Closing the Early Learning Gap for Roma Children in Bulgaria
- Earnings and income
- Student learning
Inequalities in education start early in life, especially for children from low-income families, who often lack access to quality early childhood development opportunities such as kindergarten. Kindergarten education can lay the foundation for a child’s success in primary school and later in life by providing critical cognitive and social skills. Yet disparities in cognitive skills between children from lower- and higher-income families emerge as early as kindergarten—and continue to develop over time. Investments in early childhood education, particularly for children most at risk of experiencing social exclusion, can be highly cost-effective to reduce these inequalities and prevent poverty from passing from one generation to another. Can promoting kindergarten participation for children from ethnic minorities increase early childhood development and reduce educational inequalities in Bulgaria?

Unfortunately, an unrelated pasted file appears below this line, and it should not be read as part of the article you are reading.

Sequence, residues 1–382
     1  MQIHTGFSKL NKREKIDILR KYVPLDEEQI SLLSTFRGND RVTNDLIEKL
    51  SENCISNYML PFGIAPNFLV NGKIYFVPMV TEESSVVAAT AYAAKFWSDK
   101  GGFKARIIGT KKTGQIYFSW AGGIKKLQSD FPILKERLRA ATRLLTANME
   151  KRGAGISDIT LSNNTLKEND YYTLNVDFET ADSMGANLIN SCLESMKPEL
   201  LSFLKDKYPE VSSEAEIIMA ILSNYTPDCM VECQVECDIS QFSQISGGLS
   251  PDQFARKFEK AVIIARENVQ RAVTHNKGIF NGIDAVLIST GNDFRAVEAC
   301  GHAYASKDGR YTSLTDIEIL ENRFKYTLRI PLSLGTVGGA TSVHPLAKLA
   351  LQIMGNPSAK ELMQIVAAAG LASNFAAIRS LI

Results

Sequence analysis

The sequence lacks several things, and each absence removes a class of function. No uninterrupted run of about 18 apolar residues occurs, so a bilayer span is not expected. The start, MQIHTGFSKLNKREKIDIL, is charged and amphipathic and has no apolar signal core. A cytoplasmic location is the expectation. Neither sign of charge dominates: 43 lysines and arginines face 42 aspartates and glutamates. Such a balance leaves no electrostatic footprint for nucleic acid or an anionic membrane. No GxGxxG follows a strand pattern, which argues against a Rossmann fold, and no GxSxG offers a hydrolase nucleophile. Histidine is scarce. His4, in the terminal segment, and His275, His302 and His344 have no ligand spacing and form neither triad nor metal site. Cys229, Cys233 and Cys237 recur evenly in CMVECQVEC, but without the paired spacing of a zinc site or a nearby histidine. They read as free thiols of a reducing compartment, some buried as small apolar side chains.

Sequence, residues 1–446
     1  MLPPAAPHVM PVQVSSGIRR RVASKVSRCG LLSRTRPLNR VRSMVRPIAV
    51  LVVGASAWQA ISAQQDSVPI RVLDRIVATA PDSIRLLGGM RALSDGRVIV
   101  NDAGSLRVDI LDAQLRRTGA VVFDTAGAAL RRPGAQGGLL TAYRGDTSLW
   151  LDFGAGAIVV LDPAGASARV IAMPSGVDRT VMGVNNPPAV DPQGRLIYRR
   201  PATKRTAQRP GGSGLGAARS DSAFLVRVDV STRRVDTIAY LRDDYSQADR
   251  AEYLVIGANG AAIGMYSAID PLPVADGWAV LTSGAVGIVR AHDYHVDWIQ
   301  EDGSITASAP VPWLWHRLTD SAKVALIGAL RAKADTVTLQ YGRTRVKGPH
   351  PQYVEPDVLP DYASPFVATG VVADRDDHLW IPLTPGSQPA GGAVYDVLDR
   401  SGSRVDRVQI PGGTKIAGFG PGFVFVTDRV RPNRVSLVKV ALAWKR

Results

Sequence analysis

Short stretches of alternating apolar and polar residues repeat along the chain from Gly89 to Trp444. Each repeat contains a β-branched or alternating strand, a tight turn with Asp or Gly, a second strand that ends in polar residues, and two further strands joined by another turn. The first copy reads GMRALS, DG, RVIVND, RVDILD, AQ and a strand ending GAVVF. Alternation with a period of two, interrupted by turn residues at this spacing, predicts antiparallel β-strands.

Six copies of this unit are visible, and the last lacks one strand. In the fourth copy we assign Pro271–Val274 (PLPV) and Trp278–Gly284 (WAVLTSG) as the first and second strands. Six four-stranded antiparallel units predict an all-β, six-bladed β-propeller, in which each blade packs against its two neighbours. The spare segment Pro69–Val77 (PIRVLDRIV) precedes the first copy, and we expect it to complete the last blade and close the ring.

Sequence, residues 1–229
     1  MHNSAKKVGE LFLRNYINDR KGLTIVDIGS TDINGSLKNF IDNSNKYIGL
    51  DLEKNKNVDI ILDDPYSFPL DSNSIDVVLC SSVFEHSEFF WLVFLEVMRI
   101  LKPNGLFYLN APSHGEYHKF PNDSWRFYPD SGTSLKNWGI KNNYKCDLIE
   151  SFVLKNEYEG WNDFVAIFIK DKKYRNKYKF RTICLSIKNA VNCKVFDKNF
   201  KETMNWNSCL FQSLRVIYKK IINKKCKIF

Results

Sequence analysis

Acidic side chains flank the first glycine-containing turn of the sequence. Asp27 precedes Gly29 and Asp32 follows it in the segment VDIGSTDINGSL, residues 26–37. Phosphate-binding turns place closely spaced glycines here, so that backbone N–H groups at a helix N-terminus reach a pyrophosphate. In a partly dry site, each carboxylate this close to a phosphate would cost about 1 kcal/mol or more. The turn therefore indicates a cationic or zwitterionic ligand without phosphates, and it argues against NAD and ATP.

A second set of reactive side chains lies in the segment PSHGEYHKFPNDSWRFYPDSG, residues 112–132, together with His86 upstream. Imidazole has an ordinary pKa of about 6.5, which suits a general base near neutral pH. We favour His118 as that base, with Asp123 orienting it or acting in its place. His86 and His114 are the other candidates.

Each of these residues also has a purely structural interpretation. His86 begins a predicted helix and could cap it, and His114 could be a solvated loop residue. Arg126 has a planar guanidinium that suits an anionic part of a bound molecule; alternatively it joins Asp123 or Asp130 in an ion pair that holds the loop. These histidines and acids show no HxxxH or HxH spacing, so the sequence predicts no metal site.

Context of the evaluation
Bulgaria has experienced a recent increase in kindergarten enrollment rates following a 2010 law that made kindergarten education for five and six-year-old children compulsory and free. However, for children from ethnic minorities, who often come from lower socio-economic backgrounds, the impact of this policy remains unclear, as many municipalities still charge additional fees to cover school supplies and medical tests costs, potentially preventing parents from enrolling their child. Indeed, despite this government push, ethnic minority groups still fall behind in terms of kindergarten enrollment rates: In 2011, only 45 percent of children from Roma families were enrolled in kindergarten, compared to 75 percent of children nationally.
Details of the intervention